Carbon trading certain, cost-effective and challenging

MARKET-based approaches to reduce carbon emissions are more cost-effective than other policy measures and are likely to be introduced under any new international framework, says the issues paper on carbon trading released today by the Federal Government.
Carbon trading certain, cost-effective and challenging Carbon trading certain, cost-effective and challenging Carbon trading certain, cost-effective and challenging Carbon trading certain, cost-effective and challenging Carbon trading certain, cost-effective and challenging

Climate chage will have balance in the budget

Richard Collins

The taskforce convened by Prime Minister John Howard has been charged with investigating carbon emissions trading against the background of Australia's "major competitive advantages through the possession of large reserves of fossil fuels and uranium".

Coupled with Howard's slip in Parliament yesterday questioning the link between human emissions and global warming, the terms of reference suggest a trading scheme is not as inevitable as some believe.

The 9-page paper makes no recommendations, but acknowledges the urgency of the issue.

"While debate continues about the precise scale, consequences and costs of climate change, and the scope for long-term adaptation to global warming, there is growing acknowledgment that governments, individually and collectively, should act to mitigate the emission of greenhouse gases. The warning signs cannot be ignored," it said.

Australia's controversial emissions path over the last few years thanks to the inclusion of land clearing is a one-off, meaning other measures are required.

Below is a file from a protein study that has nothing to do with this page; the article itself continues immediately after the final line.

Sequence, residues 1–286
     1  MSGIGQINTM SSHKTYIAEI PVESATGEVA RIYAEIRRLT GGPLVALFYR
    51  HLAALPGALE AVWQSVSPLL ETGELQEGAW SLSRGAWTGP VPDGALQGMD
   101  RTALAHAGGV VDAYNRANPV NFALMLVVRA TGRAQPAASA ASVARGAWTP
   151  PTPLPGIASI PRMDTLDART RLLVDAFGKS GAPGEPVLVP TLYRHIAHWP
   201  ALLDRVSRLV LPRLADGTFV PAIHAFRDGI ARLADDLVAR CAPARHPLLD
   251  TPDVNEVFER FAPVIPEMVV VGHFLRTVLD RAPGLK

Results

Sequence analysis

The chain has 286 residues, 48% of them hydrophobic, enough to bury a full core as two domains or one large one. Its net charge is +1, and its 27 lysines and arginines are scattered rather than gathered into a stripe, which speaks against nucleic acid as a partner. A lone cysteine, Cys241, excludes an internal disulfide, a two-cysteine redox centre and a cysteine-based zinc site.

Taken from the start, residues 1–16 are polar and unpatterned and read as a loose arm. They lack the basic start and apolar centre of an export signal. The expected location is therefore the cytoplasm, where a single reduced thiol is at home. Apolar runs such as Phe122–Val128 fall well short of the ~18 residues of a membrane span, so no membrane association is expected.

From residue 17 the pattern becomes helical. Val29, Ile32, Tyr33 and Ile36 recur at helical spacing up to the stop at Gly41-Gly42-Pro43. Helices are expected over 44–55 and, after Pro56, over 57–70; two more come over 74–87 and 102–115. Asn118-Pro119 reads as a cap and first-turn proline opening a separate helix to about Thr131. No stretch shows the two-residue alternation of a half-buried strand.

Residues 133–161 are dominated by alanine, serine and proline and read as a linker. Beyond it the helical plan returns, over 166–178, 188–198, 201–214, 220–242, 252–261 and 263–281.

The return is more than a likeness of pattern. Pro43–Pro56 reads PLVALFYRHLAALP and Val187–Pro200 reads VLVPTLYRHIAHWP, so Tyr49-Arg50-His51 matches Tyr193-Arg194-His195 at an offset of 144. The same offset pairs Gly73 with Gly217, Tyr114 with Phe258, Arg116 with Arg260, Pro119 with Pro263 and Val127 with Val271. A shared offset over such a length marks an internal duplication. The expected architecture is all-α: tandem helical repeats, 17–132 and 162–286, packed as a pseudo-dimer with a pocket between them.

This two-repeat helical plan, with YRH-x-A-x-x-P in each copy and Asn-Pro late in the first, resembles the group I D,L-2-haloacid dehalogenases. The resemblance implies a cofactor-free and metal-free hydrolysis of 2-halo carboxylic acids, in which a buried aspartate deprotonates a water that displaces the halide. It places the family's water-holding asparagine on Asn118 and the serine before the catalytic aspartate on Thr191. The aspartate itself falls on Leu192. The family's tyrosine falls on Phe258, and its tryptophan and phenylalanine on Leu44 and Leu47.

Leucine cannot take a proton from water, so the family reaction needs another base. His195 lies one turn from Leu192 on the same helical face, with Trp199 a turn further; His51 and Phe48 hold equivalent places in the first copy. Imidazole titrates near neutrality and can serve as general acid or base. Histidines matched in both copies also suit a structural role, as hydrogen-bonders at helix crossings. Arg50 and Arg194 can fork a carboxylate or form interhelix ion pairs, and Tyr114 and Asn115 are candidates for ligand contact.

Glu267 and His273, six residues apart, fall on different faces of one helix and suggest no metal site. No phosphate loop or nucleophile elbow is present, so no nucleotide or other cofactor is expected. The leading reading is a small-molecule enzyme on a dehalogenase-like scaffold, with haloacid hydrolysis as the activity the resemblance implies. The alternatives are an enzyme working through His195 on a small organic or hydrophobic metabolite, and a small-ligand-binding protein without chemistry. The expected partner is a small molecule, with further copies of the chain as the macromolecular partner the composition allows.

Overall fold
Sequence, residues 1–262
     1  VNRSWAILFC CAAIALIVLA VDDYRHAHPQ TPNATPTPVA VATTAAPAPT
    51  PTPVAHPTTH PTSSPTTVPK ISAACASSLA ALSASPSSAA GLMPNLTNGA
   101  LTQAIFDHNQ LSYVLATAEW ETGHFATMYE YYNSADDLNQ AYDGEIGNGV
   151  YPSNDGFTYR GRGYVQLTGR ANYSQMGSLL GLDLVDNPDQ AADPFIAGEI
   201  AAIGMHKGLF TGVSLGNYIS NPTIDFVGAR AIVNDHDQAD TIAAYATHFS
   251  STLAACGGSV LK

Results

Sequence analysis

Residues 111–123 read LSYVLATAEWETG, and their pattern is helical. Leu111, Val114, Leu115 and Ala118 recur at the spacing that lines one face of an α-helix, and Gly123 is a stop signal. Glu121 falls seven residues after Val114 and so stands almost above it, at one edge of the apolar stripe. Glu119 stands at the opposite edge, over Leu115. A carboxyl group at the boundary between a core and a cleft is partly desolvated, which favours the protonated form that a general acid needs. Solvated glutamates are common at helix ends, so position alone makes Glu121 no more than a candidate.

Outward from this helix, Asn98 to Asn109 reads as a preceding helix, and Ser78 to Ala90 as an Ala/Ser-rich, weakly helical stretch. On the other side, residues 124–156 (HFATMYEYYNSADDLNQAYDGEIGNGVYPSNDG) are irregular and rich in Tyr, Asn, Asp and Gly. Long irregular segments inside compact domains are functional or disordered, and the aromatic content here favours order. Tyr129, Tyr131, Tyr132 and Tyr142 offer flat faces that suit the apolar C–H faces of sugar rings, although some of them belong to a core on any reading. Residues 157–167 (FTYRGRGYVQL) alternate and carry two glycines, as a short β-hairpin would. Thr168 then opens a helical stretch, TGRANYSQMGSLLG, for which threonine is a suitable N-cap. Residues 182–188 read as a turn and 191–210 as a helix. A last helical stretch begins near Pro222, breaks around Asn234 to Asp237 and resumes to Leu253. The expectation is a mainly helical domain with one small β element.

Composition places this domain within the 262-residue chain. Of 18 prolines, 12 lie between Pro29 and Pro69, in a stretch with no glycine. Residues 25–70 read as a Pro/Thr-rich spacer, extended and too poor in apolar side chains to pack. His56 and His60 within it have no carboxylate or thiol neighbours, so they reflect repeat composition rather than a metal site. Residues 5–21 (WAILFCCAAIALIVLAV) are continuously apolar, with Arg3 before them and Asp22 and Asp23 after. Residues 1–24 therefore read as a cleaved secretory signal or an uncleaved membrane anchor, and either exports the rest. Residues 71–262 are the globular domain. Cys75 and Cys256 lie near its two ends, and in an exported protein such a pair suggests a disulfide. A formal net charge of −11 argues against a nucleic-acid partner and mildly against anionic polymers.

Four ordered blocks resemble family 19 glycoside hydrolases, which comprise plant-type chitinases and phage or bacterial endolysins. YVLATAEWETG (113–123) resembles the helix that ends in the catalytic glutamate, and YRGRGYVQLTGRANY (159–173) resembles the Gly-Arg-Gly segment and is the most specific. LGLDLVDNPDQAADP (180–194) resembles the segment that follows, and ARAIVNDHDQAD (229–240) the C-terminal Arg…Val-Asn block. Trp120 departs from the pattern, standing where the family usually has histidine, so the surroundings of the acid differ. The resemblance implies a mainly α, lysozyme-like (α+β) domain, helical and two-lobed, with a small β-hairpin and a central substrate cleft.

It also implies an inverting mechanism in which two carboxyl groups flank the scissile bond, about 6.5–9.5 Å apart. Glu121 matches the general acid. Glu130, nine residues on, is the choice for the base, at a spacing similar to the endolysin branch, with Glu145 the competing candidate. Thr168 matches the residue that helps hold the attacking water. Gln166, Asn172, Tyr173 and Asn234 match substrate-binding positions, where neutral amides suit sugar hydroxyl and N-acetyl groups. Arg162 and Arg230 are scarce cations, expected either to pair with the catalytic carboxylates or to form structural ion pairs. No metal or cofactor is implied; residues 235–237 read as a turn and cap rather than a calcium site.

Models for a trading scheme include cap and trade, baseline and credit, and hybrid schemes with cost capping. The paper, which does not explore any of them in depth, says a national scheme would help rationalise the myriad climate change measures across the states, while allowing the greatest flexible of the options. It is preferred to a tax.

"A tradeable permit market creates an explicit carbon price signal which allows business greater certainty in taking long term investment decisions and allows for the development of financial instruments to manage risk," said the paper.

Businesses should also note the comment that one essential pre-condition is "disaggregated", company-based reporting. There has been considerable debate about whether to include carbon emissions in the National Pollutant Inventory, with trials coordinated by EPA Victoria last year suggesting it would not be overly onerous.

Other complementary policies worth exploring include measures to improve end-use efficiency and support for development of low emissions technologies.

WME Environmental Management News

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